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Formulating a model linear vs nonlinear (statistics vs mathematics) multiple state variables discrete vs continuous states discrete vs continuous time statistical vs theoretical vs simulation

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Linear vs non-linear Statistics: linear in parameters –If linear and Gaussian, easy to solve for estimators –If not, traditionally only asymptotic approximations Ecology (mathematics) –Linear in state variables –Non-linear models can have complex behavior

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Continuous vs discrete time Continuous time: rate equations –Assumes process is continuous –Often easier to formulate, easier to solve –Simpler behavior –If stochastic, then hard Discrete time –Assumes process steps forward in discrete time steps –Solve only the simplest linear eqns –Readily accommodate stochasticity

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Continuous vs discrete time Ecological models traditionally continuous –But can only solve/approximate very simple dynamics anyway With simulation modeling, divergence –Computer models discrete time –Theoretical models continuous (but exceptions to this) Why Im discrete –Combine theoretical process with inference and do it with computers

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Combinations of time/state (no structure) Discrete timeContinuous time (usually deterministic) Discrete state (usually stochastic) Cellular automata neighborhood {x}: Birth-death process (Pr of abundance y): Continuous state Difference eqn:Differential eqns:

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Combinations of time/state (with discrete structure) Discrete timeContinuous time Discrete state Stochastic state transitions: Continuous time Markov process Continuous state Difference eqns: Matrix models: y t+1 = Ay t Differential eqns:

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Combinations of time/state (with continuous structure) Discrete timeContinuous time Discrete state Not important Continuous state Integrodifference eqns: Partial differential eqns:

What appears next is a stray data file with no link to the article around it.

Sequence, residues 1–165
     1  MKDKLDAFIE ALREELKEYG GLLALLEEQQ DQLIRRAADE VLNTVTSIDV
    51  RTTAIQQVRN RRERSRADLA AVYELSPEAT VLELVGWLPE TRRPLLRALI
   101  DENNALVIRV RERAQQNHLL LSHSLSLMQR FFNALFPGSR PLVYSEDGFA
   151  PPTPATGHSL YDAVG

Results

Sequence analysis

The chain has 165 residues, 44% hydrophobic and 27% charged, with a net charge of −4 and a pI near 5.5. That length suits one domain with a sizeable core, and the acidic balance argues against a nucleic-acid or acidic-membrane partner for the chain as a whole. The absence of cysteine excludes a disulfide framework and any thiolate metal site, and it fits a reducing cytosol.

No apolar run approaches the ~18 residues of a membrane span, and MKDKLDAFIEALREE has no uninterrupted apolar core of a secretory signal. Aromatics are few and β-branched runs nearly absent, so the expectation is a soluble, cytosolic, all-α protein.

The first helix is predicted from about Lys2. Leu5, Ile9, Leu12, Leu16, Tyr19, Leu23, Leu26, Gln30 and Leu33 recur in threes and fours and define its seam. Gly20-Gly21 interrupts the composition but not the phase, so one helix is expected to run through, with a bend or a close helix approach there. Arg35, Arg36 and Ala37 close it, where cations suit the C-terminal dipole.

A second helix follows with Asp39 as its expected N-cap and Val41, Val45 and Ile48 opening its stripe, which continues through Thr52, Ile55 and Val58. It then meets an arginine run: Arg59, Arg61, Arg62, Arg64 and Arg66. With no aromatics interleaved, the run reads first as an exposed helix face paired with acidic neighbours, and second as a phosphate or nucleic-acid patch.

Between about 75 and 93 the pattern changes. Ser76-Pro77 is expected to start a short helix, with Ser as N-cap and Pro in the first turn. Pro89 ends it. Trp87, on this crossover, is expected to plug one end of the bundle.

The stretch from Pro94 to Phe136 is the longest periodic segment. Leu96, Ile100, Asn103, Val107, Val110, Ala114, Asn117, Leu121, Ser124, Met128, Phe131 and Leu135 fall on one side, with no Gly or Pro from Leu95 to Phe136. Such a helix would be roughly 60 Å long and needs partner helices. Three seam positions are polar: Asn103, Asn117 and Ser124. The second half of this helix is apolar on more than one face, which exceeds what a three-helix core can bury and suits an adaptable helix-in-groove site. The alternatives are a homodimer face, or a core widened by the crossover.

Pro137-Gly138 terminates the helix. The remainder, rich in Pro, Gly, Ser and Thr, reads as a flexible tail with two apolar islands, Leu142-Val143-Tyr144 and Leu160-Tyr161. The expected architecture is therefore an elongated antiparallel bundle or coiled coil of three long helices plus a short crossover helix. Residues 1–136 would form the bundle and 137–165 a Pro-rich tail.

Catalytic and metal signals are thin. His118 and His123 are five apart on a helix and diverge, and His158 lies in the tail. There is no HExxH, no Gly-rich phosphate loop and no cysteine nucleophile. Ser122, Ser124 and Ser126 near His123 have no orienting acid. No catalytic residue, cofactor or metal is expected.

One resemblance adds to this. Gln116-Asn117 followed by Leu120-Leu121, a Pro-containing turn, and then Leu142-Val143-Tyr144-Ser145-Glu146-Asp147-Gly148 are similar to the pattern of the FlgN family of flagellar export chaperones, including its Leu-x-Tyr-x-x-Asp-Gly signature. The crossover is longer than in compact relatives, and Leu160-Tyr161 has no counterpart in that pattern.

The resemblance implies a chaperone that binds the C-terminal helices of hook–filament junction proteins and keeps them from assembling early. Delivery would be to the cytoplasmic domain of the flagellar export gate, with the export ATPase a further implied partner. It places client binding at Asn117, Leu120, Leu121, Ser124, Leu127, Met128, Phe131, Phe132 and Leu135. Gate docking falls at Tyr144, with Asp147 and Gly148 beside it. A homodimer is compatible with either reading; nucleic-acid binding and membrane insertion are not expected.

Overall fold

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Discretize a continuous time model Ex: Logistic population growth

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http://earthobservatory.nasa.gov/Study/SpottedOwls/ Northern spotted owl and old growth logging Linear example from population ecology Continuous state, continuous time Continuous state, discrete time: With stage structure: – is the dominant eigenvalue of A. What is the value of ?

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juvenilessubadultsadults ss1s1 s1s1 b Stage structured model of NSO Approach: estimate parameters in A Calculate dominant eigenvalue of A Propogate error in parameters to uncertainty in Is < 1?

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Inference on Northern spotted owl growth rate Clark, Ecology (2003) Spread due to estimation error Growth rate 1990s estimates Overconfidence intervals

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Eleven literature estimates of population growth rate Clark, Ecology (2003) Overfitting? Fit here doesnt predict there

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Clark, Ecology (2003) error propagation Confidence intervals controlled by sample size No individual variation behavior, health? In space? In time? Estimation error Propagated estimation error ss1s1 b Traditional inference

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Clark, Ecology (2003) Parameters have distributions Estimation error classical Hierarchical Bayes Admit process level variation

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Discretize a space-time model Ex: advection

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Diffusion

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A diffusion example from population ecology House finch – eastern populations from 1940 release on LI, NY Records of spread from breeding bird survey